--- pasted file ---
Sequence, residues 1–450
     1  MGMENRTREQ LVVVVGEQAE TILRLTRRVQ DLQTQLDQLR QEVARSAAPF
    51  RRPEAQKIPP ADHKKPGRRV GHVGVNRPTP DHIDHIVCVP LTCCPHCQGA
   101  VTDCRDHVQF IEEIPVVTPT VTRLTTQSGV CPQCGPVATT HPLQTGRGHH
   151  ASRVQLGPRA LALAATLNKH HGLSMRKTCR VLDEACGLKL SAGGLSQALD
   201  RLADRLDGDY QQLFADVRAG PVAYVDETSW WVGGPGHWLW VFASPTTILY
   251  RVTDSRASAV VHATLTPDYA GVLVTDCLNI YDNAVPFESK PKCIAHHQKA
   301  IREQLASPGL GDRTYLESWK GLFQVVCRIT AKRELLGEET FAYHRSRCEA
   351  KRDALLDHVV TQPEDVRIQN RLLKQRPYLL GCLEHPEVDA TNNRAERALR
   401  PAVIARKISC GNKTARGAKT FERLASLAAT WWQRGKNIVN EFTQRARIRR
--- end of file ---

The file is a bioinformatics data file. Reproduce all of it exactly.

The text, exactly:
Sequence, residues 1–450
     1  MGMENRTREQ LVVVVGEQAE TILRLTRRVQ DLQTQLDQLR QEVARSAAPF
    51  RRPEAQKIPP ADHKKPGRRV GHVGVNRPTP DHIDHIVCVP LTCCPHCQGA
   101  VTDCRDHVQF IEEIPVVTPT VTRLTTQSGV CPQCGPVATT HPLQTGRGHH
   151  ASRVQLGPRA LALAATLNKH HGLSMRKTCR VLDEACGLKL SAGGLSQALD
   201  RLADRLDGDY QQLFADVRAG PVAYVDETSW WVGGPGHWLW VFASPTTILY
   251  RVTDSRASAV VHATLTPDYA GVLVTDCLNI YDNAVPFESK PKCIAHHQKA
   301  IREQLASPGL GDRTYLESWK GLFQVVCRIT AKRELLGEET FAYHRSRCEA
   351  KRDALLDHVV TQPEDVRIQN RLLKQRPYLL GCLEHPEVDA TNNRAERALR
   401  PAVIARKISC GNKTARGAKT FERLASLAAT WWQRGKNIVN EFTQRARIRR